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A sailor stands guard aboard the USS Typhoon.
A sailor stands guard aboard the USS Typhoon. (Scott Schonauer / S&S)
A sailor stands guard aboard the USS Typhoon.
A sailor stands guard aboard the USS Typhoon. (Scott Schonauer / S&S)
Navy Chief Petty Officer Greg Tillery of Jackson County, Ky., prepares a Mark 38 25mm machine gun aboard the USS Typhoon.
Navy Chief Petty Officer Greg Tillery of Jackson County, Ky., prepares a Mark 38 25mm machine gun aboard the USS Typhoon. (Scott Schonauer / S&S)
Navy Petty Officer 2nd Class Chad Glover, Chief Petty Officer Greg Tillery and Petty Officer 1st Class Christopher Cooke prepare a Mark 38 25mm machine gun aboard the USS Typhoon at Naval Station Rota, Spain, on Friday. Patrol boats USS Typhoon and USS Sirocco stopped in Rota on their way to the Persian Gulf.
Navy Petty Officer 2nd Class Chad Glover, Chief Petty Officer Greg Tillery and Petty Officer 1st Class Christopher Cooke prepare a Mark 38 25mm machine gun aboard the USS Typhoon at Naval Station Rota, Spain, on Friday. Patrol boats USS Typhoon and USS Sirocco stopped in Rota on their way to the Persian Gulf. (Scott Schonauer / S&S)

NAVAL STATION ROTA, Spain — Patrol coastal ships are fast, can travel in shallow waters and are armed to the teeth.

But soon after the first Cyclone-class patrol ship was commissioned in 1993, the Navy didn’t want them. Special operations forces found them too big, while the rest of the Navy found them too small.

The Navy planned to decommission the ships and hand them over to the U.S. Coast Guard, but the Sept. 11, 2001, terror attacks and the war in Iraq changed everything.

Once the forgotten and unwanted ship in the fleet, the patrol ships are in heavy demand for homeland defense and maritime interdiction in the Persian Gulf. Crewmembers like to call themselves “cowboys” on the water because they can get much closer to the enemy than the large, surface warships.

“These things can get up close and personal,” said Lt. Khary Hemoree-Bey, who, at 29, is the USS Typhoon’s commanding officer. “We can go where the other ships can’t.”

The Typhoon and its sister ship, the USS Sirocco, passed through Rota last week on their way to a six-month deployment to the Persian Gulf, where they will help protect coalition ships and Iraqi oil rigs and help catch terrorists.

The ships were initially designed to transport SEAL teams ashore or up rivers, but special operations forces found that the ships didn’t meet their needs. The Navy planned to get rid of most of the ships in 2002 and handed the first commissioned ship to the U.S. Coast Guard.

But commanders soon found a need for the ships in the hunt for terrorists.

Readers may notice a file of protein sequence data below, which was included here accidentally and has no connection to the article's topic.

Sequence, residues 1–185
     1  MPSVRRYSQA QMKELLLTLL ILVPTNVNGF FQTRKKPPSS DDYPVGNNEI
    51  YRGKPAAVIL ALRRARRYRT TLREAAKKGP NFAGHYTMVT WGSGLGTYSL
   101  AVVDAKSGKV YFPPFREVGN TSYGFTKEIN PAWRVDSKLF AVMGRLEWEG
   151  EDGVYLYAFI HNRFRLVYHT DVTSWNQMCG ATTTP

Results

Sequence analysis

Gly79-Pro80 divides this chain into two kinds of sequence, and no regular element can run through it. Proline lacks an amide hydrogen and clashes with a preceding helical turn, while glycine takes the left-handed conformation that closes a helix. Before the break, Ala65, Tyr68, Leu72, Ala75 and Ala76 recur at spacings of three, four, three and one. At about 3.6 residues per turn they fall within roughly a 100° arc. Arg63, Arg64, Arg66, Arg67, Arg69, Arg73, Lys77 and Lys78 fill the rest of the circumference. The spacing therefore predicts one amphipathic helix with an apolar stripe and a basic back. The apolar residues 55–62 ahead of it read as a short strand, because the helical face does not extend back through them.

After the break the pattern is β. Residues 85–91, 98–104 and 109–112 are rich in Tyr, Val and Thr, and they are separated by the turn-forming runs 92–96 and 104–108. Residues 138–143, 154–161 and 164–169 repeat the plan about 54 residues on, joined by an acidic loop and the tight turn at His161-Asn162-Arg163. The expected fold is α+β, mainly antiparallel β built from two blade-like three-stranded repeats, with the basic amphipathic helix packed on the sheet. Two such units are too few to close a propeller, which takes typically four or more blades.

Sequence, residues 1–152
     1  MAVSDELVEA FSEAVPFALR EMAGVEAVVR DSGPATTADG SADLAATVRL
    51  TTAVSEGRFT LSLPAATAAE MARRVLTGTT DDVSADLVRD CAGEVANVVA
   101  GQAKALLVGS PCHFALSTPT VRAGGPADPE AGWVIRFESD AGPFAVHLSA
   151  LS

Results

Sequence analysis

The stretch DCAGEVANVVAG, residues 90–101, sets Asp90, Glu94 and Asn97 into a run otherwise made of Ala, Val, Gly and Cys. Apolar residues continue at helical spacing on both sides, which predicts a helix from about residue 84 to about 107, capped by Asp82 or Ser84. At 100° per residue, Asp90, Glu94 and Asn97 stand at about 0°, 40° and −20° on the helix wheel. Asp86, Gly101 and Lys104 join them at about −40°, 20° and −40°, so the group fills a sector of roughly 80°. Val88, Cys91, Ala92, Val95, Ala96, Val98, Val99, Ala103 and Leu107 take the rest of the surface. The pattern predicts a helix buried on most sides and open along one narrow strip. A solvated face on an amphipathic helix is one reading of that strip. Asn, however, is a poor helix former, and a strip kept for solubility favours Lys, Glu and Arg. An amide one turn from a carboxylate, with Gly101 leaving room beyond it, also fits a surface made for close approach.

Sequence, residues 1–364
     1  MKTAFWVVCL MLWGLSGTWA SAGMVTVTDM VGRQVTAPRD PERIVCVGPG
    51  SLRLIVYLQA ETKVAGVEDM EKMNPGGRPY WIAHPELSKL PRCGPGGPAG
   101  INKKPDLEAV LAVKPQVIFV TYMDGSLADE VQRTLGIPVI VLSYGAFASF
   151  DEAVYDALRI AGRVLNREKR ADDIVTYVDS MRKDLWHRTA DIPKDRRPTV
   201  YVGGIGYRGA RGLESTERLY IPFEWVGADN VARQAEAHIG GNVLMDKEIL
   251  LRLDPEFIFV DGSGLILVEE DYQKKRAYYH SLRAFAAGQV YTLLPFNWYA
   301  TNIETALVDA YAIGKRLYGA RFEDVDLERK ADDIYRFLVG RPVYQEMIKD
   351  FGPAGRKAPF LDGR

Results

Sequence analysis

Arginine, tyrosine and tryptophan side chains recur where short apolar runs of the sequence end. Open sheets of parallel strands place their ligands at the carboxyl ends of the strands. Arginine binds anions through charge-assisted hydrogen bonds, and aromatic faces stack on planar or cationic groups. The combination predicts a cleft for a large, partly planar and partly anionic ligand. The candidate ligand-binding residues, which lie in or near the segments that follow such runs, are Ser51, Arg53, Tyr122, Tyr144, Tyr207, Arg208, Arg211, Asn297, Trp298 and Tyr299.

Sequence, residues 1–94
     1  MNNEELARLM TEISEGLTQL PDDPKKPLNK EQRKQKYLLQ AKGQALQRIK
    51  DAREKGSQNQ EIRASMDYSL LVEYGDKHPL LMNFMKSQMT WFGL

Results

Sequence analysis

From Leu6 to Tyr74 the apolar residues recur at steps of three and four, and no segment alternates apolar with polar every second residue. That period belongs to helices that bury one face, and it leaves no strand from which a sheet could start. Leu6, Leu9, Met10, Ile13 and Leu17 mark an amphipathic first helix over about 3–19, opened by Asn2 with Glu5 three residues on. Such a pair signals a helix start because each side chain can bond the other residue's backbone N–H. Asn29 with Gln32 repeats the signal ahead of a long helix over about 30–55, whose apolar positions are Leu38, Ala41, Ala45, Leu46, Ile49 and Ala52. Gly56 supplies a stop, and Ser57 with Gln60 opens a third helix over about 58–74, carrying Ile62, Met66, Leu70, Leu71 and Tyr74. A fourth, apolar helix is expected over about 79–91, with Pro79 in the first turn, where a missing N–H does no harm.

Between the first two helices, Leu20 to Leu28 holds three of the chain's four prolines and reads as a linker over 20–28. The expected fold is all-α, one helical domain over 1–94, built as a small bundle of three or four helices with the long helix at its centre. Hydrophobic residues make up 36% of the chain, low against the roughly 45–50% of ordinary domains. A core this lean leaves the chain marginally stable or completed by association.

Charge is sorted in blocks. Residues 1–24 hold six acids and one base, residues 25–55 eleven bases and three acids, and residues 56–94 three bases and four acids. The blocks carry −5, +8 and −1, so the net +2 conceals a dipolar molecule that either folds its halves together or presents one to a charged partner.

The ships have since been used for everything from homeland security to interdiction operations.

The patrol ships are only 170 feet long and 26 feet wide, and carry a crew of 28 sailors. The dimensions and the small team onboard are what make duty aboard a patrol boat one of the most unique in the Navy, crewmembers say.

There is no wardroom for officers. Everyone eats in the same mess deck, which has a small kitchen, two tables and a large flat screen TV. The ship’s cook makes lunch and dinner, but everyone is on their own for breakfast.

To stay in shape, sailors have to make the most of what little they have.

That could mean using a bar toward the back of the ship to do chin-ups or going swimming when time allows. There is no Nautilus equipment or treadmills. There’s no room.

Those who thought life onboard an aircraft carrier or destroyer was boring have never been on a patrol ship.

Books and DVD movies make up the bulk of entertainment. There is no ship store, but they do have a lone vending machine. Soda is 50 cents, with 25 cents going into the ship fund.

While the recreational activities are few and far between, sailors have little time to enjoy leisure activities anyway. Most sailors are too busy to do much else other than sleep or work.

This is no ship for slackers. Everyone has several jobs and duties.

For example, the ship’s chef, also known as a culinary specialist, doubles as a gunner and can shoot a Stinger missile off the deck, if needed.

Navy Petty Officer 1st Class Tim Herbin is a Navy code breaker, or what the Navy calls a cryptologic technician. But aboard the USS Typhoon, he’s also a boatswain’s mate, a photographer and information technician.

“It’s incredibly hard to do everything well,” Herbin said. “But everyone on the ship is a piece in the puzzle.”

Each crewmember is expected to pull their weight. If not, it affects the entire ship, said Hemoree-Bey.

“On this ship, it’s not your rating, it’s what you’re good at,” Hembree-Bey said.

Because sailors must take on so many extra jobs, they often work long, tedious days that require plenty of strong coffee.

“It’s much more rigorous than most ships,” said Lt. Joseph Brown, 31, of Port Republic, N.J.

Brown is the operations officer. While on a large ship the operations officer might have 80 people working for him, Brown has only six. Yet he’s still expected to do some of the same duties as he would in the same position on board a bigger boat.

While one might expect having such a small group on a small ship makes the environment ripe for angry confrontations, Brown said there are actually fewer personality problems than one would expect.

“A lot more is tolerated,” Brown said. “Because there’s no way you can get away from them.”

Sailors also have to have a strong tolerance for rough seas. Four-foot waves can make many sea-virgin sailors hurl. Herbin compared traveling in a patrol in bad weather to being inside a Coke can and having someone violently shaking it up.

He’s never gotten sick, but he recommends that new sailors make sure they bring a good supply of seasick pills.

“You don’t want to leave without them,” he said.

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